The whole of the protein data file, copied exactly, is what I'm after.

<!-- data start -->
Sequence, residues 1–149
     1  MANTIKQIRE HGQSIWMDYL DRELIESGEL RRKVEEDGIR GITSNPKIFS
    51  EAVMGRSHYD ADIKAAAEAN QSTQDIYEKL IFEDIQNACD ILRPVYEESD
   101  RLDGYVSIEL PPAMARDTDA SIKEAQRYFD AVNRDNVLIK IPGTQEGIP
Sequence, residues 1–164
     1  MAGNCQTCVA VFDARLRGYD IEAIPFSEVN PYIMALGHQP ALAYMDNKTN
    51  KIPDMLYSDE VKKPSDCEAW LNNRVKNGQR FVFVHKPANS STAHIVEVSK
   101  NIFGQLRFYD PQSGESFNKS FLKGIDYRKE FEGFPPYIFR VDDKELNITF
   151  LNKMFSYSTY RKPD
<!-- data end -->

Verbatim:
Sequence, residues 1–149
     1  MANTIKQIRE HGQSIWMDYL DRELIESGEL RRKVEEDGIR GITSNPKIFS
    51  EAVMGRSHYD ADIKAAAEAN QSTQDIYEKL IFEDIQNACD ILRPVYEESD
   101  RLDGYVSIEL PPAMARDTDA SIKEAQRYFD AVNRDNVLIK IPGTQEGIP
Sequence, residues 1–164
     1  MAGNCQTCVA VFDARLRGYD IEAIPFSEVN PYIMALGHQP ALAYMDNKTN
    51  KIPDMLYSDE VKKPSDCEAW LNNRVKNGQR FVFVHKPANS STAHIVEVSK
   101  NIFGQLRFYD PQSGESFNKS FLKGIDYRKE FEGFPPYIFR VDDKELNITF
   151  LNKMFSYSTY RKPD